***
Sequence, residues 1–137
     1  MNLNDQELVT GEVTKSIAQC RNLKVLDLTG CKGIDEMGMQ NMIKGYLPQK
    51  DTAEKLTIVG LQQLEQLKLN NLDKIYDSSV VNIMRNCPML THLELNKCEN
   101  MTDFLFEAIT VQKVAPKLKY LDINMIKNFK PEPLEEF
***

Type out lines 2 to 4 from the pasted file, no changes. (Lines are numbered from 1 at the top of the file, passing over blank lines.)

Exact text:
     1  MNLNDQELVT GEVTKSIAQC RNLKVLDLTG CKGIDEMGMQ NMIKGYLPQK
    51  DTAEKLTIVG LQQLEQLKLN NLDKIYDSSV VNIMRNCPML THLELNKCEN
   101  MTDFLFEAIT VQKVAPKLKY LDINMIKNFK PEPLEEF